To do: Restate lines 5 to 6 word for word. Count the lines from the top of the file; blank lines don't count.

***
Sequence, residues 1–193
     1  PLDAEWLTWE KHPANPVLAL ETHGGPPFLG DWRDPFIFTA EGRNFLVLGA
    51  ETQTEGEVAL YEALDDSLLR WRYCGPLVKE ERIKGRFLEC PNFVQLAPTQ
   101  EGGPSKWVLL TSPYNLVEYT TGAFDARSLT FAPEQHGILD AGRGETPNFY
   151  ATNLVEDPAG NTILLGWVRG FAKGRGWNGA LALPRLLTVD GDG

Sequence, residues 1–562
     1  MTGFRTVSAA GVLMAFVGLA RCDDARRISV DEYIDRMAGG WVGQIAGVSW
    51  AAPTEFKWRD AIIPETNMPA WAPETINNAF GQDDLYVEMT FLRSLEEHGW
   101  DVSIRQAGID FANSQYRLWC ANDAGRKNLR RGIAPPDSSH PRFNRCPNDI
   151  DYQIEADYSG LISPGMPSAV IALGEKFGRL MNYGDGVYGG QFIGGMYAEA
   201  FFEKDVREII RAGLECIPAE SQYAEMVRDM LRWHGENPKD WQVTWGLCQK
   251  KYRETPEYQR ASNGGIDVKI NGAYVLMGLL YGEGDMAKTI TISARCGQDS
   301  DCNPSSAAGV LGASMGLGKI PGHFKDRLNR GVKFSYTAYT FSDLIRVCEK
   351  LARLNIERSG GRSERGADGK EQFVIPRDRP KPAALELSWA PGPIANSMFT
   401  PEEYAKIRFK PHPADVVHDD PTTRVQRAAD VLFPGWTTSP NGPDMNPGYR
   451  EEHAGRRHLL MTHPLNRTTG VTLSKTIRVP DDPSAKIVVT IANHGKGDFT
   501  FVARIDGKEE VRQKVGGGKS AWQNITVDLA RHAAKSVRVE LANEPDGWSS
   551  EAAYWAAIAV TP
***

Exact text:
   151  ATNLVEDPAG NTILLGWVRG FAKGRGWNGA LALPRLLTVD GDG

Sequence, residues 1–562